In the current module of our class Teaching, Learning, and Assessment 2, we are focusing on ISTE Educator Standards 5, “Designer” and 7, “Analyst.” I wanted to investigate how technology can support culturally responsive teaching by giving students alternative ways to share their backgrounds and learning, and by providing access to information and viewpoints that are outside those contained in textbooks and other traditional academic resources.
Culturally Responsive Teaching
The cultural background of a teacher in the U.S. is likely to be different than many of their students. Figure 1 shows the racial/ethnic makeup of primary and secondary public school teachers and students as of 2015. Eighty percent of teachers are white, while non-white students comprise over half (51%) of the student population.
In her book, Culturally Responsive Teaching and the Brain, Zaretta Hammond describes how culture deeply affects how we learn. Educators need to recognize how the culture they grew up influences their teaching practices and understand what is required to address the needs of students who may come from different backgrounds than their own.
Three Levels of Culture
Hammond describes three levels of culture: surface, shallow, and deep. Surface culture is comprised of “less emotionally charged” elements such as holidays, food and dress. Shallow culture is made up of “…unspoken rules around everyday social interactions and norms,” and contains a strong emotional charge. Deep culture has the strongest emotional pull and effects how we learn. It defines our world view, including our ethical framework and our beliefs about competition and cooperation (pp. 22-23).
It can be overwhelming in today’s diverse classrooms to think about personalizing learning for each child’s cultural background. Hammond, however, describes several key cultural archetypes, Individualism and Collectivism and Written vs. Oral traditions that underlie many different cultures.
Individualism and Collectivism
Individualist societies put a high value on individual achievement and independence; collectivist societies value relationships, community, and cooperative learning (p. 25). Hammond references Geert Hofstede who developed a rating system for countries based on their individualist vs. collectivist tendencies and estimates that 20% of the world has an individualist culture while the remaining 80% is collectivist. Figure 2 shows a sampling of ratings.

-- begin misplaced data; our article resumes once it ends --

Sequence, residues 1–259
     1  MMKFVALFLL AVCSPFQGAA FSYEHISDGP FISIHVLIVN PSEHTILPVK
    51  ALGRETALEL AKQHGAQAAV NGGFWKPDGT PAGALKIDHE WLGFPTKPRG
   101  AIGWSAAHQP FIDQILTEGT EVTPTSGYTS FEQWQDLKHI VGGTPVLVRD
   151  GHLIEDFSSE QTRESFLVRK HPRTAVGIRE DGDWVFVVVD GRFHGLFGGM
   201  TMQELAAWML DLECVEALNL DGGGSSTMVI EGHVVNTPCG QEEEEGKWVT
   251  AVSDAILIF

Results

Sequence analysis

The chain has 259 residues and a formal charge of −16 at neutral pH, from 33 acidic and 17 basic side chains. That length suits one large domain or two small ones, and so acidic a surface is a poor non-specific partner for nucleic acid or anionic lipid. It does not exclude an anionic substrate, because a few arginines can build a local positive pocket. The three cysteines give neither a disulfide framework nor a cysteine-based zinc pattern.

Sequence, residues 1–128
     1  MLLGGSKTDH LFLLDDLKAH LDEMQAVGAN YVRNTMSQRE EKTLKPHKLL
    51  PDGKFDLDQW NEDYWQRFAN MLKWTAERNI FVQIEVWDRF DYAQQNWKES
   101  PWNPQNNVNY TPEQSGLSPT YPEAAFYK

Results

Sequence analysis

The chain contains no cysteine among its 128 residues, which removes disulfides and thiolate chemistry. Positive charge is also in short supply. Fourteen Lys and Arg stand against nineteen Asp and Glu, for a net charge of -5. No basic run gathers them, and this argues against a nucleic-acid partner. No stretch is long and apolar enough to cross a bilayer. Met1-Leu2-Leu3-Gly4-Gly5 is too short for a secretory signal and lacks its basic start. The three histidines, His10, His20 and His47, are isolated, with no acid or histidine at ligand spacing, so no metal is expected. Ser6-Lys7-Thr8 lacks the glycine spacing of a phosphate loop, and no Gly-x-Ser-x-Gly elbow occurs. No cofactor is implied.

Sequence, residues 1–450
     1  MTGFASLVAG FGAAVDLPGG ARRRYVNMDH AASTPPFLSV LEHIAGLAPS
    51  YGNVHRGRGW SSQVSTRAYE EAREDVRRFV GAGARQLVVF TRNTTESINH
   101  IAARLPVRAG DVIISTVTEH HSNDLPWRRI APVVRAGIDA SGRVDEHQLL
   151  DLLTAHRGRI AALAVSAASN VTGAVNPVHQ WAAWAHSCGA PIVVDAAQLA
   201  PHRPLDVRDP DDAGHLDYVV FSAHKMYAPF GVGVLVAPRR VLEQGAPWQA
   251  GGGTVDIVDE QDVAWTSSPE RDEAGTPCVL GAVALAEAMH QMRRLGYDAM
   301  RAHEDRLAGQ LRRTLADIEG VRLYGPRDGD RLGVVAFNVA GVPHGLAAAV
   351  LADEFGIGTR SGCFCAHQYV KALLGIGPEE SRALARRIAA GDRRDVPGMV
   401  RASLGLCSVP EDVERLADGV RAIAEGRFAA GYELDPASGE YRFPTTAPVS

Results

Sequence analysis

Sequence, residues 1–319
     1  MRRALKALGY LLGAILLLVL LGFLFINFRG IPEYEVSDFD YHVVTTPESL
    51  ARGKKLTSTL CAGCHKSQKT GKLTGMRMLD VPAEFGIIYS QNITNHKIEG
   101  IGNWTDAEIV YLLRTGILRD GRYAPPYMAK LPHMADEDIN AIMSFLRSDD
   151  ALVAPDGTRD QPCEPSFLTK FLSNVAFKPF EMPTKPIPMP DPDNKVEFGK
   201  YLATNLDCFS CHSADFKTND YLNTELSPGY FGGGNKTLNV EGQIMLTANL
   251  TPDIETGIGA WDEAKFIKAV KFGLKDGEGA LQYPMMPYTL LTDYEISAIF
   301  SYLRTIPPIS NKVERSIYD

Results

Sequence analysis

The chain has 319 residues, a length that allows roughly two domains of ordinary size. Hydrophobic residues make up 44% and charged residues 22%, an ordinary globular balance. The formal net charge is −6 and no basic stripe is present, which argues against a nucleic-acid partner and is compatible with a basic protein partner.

Though the United States has a very high Individualist rating of 91, many of the students in U.S. classrooms are from families whose cultures tend more toward collectivism.
Oral and Written Traditions
Backgrounds in Oral vs. Written traditions can also influence how students learn. Oral tradition relies on the relationship of the speaker and the listener in a “communal experience” (Hammond, 2015, p. 28). Written tradition uses text rather than direct person to person dialogue. Both Individualist and Collectivist cultures employ written and oral methods to pass on knowledge, but Collectivist cultures may rely more on oral tradition in informal settings and tie into a student’s deepest level of cultural identity. This reinforces “… the brain’s preference for processing information through traditional oral methods” such as “…story, song, movement, repetitious chants, rituals, and dialogic talk” (Hammond, 2015, pp. 28; 127).
Culturally Relevant Teaching
In addition to the deep cultural archetypes described above, teachers should also consider how relevant subject matter and teaching resources are to their students’ lives. In their survey of research on Culturally Relevant Education (CRE), Anonson and Laughter (2016) reference Dover’s (2013) four markers of Culturally Relevant Education (p. 167):
- Connecting student’s cultural references to academic skills and concepts
- Engaging students in critical reflection about their own lives and societies
- Facilitating cultural competence. Students learn about their own and other cultures.
- Unmasking and critiquing the discourses of power
Using Technology to Support Culturally Responsive & Relevant Teaching
Technology provides many ways to support classrooms of diverse students, from digital storytelling, to internet search, to classroom management systems that include language translation features for better communication with parents.
Searching Beyond the TextBook
Marra (2005) studied how a U.S. History teacher in a diverse and under-resourced public high school used online information to build lessons on the civil rights movement. He wanted to provide a more balanced and relevant view of significant events compared to the material presented in the school’s textbook. Using video, text, audio recordings, music and film clips, the teacher showed his students multiple perspectives of the same events (p. 404). He also had them study desegregation in the context of their own community by researching and analyzing their city’s housing statistics. This approach is not only an example of a culturally responsive and relevant classroom, it is also a model for teaching 21st century skills of critical thinking and the use of technology.